When a group of old friends liven up their card game by putting unusual stakes on the table–distasteful duties and worthless old things that they would like to get rid of–it’s all in good fun. That is, until their drunken guest, the young Vicomte Duvalier, offers up his old maiden aunt in exchange for a worthless Irish bog! Disgusted by the wager but constrained by honor to play his hand, the Earl of Rotherham plays to lose. But the woman who shows up on his doorstep is not the dowdy old spinster that he’d been led to expect.
Miss Diana Wetherby is twenty-six years old, charming, and forthright. When she learns of her nephew Ferdinand’s disgusting wager of her dear Aunt Sophy while she herself is being pressured into a marriage with a much older man, she flees to England with her aunt and makes a wee substitution: she and her parrot Bijou take Sophy’s place. And what’s the harm in it, after all? She, too, is an “old maiden aunt” who has spent too many years on the shelf.
Although Lady Ephigenia, Rotherham’s own unmarried aunt, was expecting a woman of her own years, she soon welcomes Diana as a bosom companion. Unfortunately, when Rotherham shows up with his friends (all of whom had witnessed the distasteful bet), she finds her deception has become much more perilous. She doesn’t care for the Earl’s unsavory reputation around women. At the same time, she also has to fend off multiple suitors.
Worse, Rotherham is convinced that Diana is playing a deep game. What reason could she have for (he suspects) deceiving him and his mother and insinuating herself into an Earl’s home other than trying to snag a wealthy or titled husband? As his suspicion grows, so does his attraction and jealousy over Diana. His virulent prejudice is enough to make him blind to all of Diana’s actions.
Fontayne has not written a good book. For example, she is incapable of finding an adjective for a horse other than “mettlesome,” which I counted as the descriptor for no fewer than six steeds (a roan who is later described as mild, Diana’s own mount, and Rotherham’s matched grays). Lazy, lazy writing.
Worse, she uses the same “trick” over and over to confirm Rotherham’s (and Diana’s) prejudices. He kisses her and she responds. She must be a slut. He sees her give his friend a chaste kiss on the cheek. She must be a slut and a fortune hunter. She catches him kissing someone in a garden–he must be a liar and a traitor! He catches her kissing the same friend affectionately on the cheek (AGAIN! to congratulate him on his engagement) and concludes she’s a liar and a traitor! What a great excuse land a facer on his poor, innocent, longtime friend!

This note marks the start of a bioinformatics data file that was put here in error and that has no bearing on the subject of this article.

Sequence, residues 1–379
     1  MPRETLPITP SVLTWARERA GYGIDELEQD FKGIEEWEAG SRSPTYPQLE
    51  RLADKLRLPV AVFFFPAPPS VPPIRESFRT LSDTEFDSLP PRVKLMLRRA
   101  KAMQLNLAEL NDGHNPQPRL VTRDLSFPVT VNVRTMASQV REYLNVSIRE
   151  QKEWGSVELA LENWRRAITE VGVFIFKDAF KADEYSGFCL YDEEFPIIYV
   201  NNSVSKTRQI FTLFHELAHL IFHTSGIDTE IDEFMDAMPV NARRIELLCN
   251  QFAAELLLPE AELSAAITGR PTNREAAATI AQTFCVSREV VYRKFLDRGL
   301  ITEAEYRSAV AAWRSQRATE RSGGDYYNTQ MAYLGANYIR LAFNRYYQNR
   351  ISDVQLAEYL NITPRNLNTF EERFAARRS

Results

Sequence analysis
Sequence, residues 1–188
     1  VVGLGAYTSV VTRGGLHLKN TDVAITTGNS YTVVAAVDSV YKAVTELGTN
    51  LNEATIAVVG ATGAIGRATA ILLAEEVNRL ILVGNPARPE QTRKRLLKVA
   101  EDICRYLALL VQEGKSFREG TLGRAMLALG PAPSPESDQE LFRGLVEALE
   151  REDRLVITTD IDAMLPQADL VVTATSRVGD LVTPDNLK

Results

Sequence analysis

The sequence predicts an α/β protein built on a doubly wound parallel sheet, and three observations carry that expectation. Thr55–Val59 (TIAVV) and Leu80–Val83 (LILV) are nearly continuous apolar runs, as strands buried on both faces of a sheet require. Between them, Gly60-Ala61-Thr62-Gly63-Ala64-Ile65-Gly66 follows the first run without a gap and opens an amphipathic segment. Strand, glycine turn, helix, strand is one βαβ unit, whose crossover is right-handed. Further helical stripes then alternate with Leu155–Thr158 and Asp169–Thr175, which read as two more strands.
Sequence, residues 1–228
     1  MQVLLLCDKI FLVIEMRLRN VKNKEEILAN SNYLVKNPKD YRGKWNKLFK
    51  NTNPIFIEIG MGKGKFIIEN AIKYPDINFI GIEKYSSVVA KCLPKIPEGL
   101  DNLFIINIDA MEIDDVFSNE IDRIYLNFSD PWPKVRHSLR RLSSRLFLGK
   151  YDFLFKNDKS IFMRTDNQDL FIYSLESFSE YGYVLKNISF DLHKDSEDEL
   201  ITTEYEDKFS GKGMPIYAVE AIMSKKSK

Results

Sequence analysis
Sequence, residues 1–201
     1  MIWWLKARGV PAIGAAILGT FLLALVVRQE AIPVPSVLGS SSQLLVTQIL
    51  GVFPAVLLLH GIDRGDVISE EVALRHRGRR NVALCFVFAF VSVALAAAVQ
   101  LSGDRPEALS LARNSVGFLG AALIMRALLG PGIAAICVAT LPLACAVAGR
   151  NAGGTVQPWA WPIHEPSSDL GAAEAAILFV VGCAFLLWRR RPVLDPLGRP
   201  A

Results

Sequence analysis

Ok, there were parts of the story that were sweet. The scene in which Rotherham’s three friends all feel compelled to make Diana an offer at the same time in order to rescue her reputation is endearing. Old Aunt Sophy’s story–and her emergence from the station of spinster and poor relation to something better–is enjoyable to read.
However, no matter how likable Diana can be, she is overshadowed by the author’s tiresome manipulation of the same old tricks. Rotherham doesn’t grow over the course of the book, either–he’s making the same mistakes and unflattering assumptions about the woman he supposedly loves at the end of the book as he was from the beginning. If anything, he grows more intolerable as each chapter passes.
I cannot believe that this couple could survive for a moment beyond the final page of this book. In fact, I can’t believe that this couple even came together by the end of the book. Anyone else would have been a better choice. Add in a paint-by-numbers villainess, an abduction/elopement subplot, a couple horse races, and annoyingly similar phaeton accidents, and you have exactly 200 pages. But unfortunately, aside from the bright spots I mentioned above, those pages are tepid, unbelievable, and devoid of pleasure.
When a romance novel leaves a reader thinking, “Please, no, anyone but him!,” the author has made serious mistakes.